In Serbia, first-generation adult flies emerge from the beginning of March to the end of April, and are attracted to host plants, where they lay eggs. Females make large numbers of feeding punctures using their ovipositors, and then use their mouthparts to feed on leaf exudates. These punctures are the first sign that the flies are active. Eggs are usually laid in the base of leaves, or in the stalks. Larvae emerge and feed from the oviposition site in the leaf, and then move downwards into the stalk and bulb, where they pupate. During their development, larvae move from one outer succulent layer to another, and never destroy the centre of the bulb. Development from feeding and oviposition, to pupation, takes approximately 30-35 days. During the summer (June-end September), the species aestivates as a pupa in infested plants. It is not known whether this pest will enter this state in cooler UK conditions. The second-generation flies emerge from the beginning of October until mid November. The larvae of this generation then develop in their host plant until the end of November, and over-winter as pupae in Allium plants.
This pest should not be confused with the leek moth Acrolepiopsis assectella, whose larvae also bore into the leaves of Allium plants. The adult stage is a grey/brown moth 8-9mm long, and therefore cannot be confused with the adult flies of the Allium leaf miner. The pupal stages of these pests are also quite different to one another. The pupal stage of the leek moth is about 10mm long, and is a cream coloured, silk cocoon; the pupae of the Allium leaf miner are about half this size, and are orange brown in colour (see figure 1). Whilst the larvae of these pests may be more easily confused with one another than the other life stages, there are significant differences (see figures 1 and 3 for comparison). The larvae of the leek moth have brown head capsules, and legs on the thorax, and pro-legs on the abdominal segments. They are yellowish green in colour, and have setae (hairs) on dark raised spots. These larvae can vary length from 1mm to 10 mm. The Allium leaf-miner larvae however have no head capsule, do not possess legs, and are white/creamish in colour.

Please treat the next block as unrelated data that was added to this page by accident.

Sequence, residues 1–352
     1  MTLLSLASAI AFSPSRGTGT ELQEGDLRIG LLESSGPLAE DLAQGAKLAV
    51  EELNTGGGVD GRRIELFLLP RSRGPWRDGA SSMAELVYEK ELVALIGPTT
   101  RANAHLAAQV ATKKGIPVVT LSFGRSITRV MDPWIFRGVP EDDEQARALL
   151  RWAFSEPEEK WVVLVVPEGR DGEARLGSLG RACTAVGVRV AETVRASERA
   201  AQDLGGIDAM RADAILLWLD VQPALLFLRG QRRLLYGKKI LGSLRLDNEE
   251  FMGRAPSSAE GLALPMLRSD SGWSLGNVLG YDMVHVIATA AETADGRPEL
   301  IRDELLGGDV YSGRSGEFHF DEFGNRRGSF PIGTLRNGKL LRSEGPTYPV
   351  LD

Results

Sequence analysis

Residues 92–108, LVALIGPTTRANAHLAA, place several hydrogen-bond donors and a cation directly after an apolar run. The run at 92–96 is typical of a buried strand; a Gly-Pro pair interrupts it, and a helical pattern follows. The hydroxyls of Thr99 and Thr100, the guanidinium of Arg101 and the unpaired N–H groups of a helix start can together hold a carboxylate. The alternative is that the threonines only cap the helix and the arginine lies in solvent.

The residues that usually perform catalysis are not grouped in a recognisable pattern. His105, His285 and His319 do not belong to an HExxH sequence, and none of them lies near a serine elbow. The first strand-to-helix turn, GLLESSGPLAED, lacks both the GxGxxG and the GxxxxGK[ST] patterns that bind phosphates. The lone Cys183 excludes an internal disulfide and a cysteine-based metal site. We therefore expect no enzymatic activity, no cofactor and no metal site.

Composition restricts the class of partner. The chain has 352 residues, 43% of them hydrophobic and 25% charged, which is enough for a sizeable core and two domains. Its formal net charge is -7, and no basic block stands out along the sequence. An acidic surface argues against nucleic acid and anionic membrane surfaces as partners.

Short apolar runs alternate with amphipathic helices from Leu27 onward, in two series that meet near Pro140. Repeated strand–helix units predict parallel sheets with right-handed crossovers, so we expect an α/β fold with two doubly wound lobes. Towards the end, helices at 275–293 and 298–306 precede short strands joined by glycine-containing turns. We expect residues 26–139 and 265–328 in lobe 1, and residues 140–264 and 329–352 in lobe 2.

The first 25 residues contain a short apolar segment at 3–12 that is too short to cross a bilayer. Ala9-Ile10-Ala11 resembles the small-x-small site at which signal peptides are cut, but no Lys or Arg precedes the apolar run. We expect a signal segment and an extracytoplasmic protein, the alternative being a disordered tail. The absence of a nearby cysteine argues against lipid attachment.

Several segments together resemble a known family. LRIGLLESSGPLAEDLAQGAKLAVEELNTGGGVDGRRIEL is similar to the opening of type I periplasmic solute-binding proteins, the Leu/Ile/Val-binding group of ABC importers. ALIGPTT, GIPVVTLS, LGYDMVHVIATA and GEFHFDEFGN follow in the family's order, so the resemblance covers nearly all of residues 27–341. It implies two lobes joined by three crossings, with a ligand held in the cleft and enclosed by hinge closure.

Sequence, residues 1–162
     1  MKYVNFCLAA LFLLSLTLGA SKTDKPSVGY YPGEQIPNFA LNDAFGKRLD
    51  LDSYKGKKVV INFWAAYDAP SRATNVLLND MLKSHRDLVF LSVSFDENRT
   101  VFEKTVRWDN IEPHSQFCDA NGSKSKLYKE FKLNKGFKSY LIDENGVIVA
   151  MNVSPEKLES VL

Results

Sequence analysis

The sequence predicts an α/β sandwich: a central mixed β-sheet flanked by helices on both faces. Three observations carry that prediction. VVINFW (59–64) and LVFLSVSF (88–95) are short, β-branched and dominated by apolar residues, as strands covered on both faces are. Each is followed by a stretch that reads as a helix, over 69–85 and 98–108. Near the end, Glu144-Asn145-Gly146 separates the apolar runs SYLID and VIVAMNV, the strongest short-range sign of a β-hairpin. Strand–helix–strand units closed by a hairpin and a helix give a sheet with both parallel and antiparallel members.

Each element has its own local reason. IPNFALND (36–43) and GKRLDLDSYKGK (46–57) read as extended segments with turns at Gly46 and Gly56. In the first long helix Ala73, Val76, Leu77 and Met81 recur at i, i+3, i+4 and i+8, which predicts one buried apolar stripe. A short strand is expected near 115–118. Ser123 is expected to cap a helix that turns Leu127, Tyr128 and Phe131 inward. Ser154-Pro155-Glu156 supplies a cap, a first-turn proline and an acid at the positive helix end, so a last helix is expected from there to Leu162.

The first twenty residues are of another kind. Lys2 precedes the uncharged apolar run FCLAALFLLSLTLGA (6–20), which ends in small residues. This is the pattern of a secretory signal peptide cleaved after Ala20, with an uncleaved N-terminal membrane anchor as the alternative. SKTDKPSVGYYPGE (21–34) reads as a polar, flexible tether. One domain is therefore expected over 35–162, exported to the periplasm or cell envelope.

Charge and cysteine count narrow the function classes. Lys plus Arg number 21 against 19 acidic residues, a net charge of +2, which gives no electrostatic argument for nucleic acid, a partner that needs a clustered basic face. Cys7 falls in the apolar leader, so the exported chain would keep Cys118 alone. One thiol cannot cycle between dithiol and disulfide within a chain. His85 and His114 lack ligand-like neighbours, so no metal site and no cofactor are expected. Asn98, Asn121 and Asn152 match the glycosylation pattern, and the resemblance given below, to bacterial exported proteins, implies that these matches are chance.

Advisory Information
Alliums should be checked for mining damage, and split leaves. Peeling back leaf layers to reveal pupae, or slicing leeks, onions, and garlic longitudinally during November-March, and June-September, may reveal the presence of any larvae or pupae. Adults may be observed during March/April, and September/October.
To help prevent this pest from infesting Allium crops, it would be advisable to cover crops with fleece in late February. This will keep out many adult flies, which may have emerged and are searching for a new crop. Rotation with non-Allium crops would also be helpful in preventing this pest from establishing. Non-commercial growers, such as allotment holders, should avoid planting Allium crops until after the first threat of adult emergence has passed (after April). Later varieties of onions are available which will help make this possible. Prophylactic insecticide application with a systemic product, such as dimethoate may be advisable for commercial crops during March-April, and October, when adults are most likely to be flying.
Suspected outbreaks of N. gymnostoma should be reported to the Plant Health and Seeds Inspectorate. All samples will be submitted to the Central Science Laboratory for confirmation. 
The information given in this note was produced by Ellie Agallou and Dom Collins , CSL Department for Environment, Food and Rural Affairs